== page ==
As D’Brickashaw Ferguson blew open holes at the Pro Bowl on Sunday night in Miami, my thoughts drifted back to National Signing Day in 2002. I sat with him that day at the Freeport High School library as he signed a national letter of intent.
It was a modest affair. Freeport teammate Jerry Mackey Jr., their parents, school administrators and coach Russ Cellan looked on as the dynamic duo made a fateful college decision. Mackey, a gifted linebacker, headed to Syracuse University.
Months earlier Ferguson became the first lineman in 22 years to win the Thorp Award as Nassau County’s best high school football player. He was also considered one of the nation’s elite offensive line prospects. So he could have gone anywhere. Ferguson chose the University of Virginia, an ACC school, as much because of its academic reputation as its football status.
And he never looked back. Ferguson started four seasons at Virginia and the New York Jets made him the fourth overall pick in the 2006 NFL Draft.
For one reason or another, many of Long Island’s most talented high school stars never quite pan out in college. Jason Gwaltney (North Babylon) and Nicole Kaczmarski (Sachem) are the poster children of failed expectations.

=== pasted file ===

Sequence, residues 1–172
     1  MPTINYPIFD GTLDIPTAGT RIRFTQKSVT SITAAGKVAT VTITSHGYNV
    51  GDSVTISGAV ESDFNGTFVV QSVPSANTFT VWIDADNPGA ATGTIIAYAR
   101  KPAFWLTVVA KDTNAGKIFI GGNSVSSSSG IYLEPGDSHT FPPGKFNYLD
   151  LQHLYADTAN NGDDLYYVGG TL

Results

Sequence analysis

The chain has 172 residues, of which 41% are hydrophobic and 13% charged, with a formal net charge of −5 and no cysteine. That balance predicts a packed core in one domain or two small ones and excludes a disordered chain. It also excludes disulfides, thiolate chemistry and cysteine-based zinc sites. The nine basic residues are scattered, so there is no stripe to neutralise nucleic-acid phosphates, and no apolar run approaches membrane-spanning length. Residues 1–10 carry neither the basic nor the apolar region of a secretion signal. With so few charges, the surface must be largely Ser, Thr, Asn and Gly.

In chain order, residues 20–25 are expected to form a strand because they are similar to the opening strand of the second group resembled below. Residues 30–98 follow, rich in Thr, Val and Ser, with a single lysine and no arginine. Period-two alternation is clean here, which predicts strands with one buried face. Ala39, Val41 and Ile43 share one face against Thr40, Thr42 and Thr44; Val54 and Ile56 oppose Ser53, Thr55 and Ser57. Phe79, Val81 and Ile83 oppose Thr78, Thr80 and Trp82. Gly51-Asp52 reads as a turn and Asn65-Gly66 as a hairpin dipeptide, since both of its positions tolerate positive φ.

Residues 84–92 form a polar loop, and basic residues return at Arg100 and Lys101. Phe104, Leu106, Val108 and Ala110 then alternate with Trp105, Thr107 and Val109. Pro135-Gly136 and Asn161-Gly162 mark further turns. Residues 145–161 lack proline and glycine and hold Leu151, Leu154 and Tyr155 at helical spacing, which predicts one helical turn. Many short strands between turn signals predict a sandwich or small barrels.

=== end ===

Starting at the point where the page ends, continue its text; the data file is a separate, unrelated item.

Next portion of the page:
Mostly, these prep stars are emotionally or academically unprepared for the next level. I knew Ferguson would be different. I had a chance to see and talk to Ferguson up close for three years in high school. And as dominant as he proved to be on the football field, I was even more impressed with his mind.
He was bright and had a wide range of interests beyond sports. So as I watched the oversized tackle start for the AFC squad in the Pro Bowl, I couldn’t help but smile. D’Brickashaw Ferguson finally realized his potential and reached the pinnacle of the game.
Ferguson generated a lot of attention in the months leading up to signing day. If he wanted to go to Miami or Michigan or Florida State – powerhouses of the time – he could have. But instead of reaching for the stars, he made a decision based on more than prestige.
His signing day decision is worth mentioning because Wednesday, Feb. 3, marks yet another National Signing Day. Long Island is not a football hotbed. More than 120 high schools collectively produce no more than four to 10 Division I prospects in a given year.
I write this in hopes that the hot prospect of the moment thinks about the path Ferguson blazed. The Cavaliers just completed a 5-6 season when he signed, so playing in the national title game wasn’t on the horizon. No, he chose Virginia for academic reasons. He carried a 3.8 GPA and a scored 1000-plus on the SAT in high school.
His college choice was calculated. It was sensible. And look at where it got him? D’Brickashaw Ferguson has developed into an elite NFL player, and he did it on his terms.